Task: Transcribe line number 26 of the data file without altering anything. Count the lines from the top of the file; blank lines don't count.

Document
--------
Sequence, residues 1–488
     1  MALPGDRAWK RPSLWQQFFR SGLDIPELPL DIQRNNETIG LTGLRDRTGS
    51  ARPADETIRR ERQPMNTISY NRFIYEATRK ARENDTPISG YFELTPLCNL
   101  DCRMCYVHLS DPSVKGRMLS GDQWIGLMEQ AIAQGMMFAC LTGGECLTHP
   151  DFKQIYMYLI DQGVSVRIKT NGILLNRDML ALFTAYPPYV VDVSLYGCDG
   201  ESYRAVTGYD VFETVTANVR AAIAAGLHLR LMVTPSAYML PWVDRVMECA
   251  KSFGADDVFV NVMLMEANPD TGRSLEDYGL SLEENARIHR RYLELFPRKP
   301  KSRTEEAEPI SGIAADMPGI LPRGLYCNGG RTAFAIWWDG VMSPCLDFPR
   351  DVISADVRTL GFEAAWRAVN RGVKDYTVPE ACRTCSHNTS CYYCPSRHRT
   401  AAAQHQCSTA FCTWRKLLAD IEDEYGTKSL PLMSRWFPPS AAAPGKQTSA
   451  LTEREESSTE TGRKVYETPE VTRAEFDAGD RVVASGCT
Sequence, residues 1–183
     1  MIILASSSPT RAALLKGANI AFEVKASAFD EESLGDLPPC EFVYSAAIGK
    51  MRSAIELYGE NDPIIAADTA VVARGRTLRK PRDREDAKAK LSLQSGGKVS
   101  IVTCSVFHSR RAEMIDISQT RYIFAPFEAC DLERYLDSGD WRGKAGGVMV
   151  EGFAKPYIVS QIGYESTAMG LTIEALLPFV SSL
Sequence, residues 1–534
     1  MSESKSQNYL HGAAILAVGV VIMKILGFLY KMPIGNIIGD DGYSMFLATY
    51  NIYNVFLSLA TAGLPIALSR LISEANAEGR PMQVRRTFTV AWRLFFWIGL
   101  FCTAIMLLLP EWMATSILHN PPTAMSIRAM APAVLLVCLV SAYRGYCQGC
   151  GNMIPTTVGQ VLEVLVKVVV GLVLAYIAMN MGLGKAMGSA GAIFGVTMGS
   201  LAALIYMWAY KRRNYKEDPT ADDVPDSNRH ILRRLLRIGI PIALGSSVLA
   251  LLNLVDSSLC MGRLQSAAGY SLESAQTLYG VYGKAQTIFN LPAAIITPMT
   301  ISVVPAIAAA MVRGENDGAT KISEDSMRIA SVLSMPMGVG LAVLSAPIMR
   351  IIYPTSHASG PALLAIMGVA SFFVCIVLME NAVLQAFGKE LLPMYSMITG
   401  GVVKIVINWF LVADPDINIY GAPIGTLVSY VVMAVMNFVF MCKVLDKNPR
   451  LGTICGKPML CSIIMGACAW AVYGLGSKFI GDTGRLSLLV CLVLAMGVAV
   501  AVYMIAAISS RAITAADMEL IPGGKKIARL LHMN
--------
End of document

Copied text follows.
   401  GVVKIVINWF LVADPDINIY GAPIGTLVSY VVMAVMNFVF MCKVLDKNPR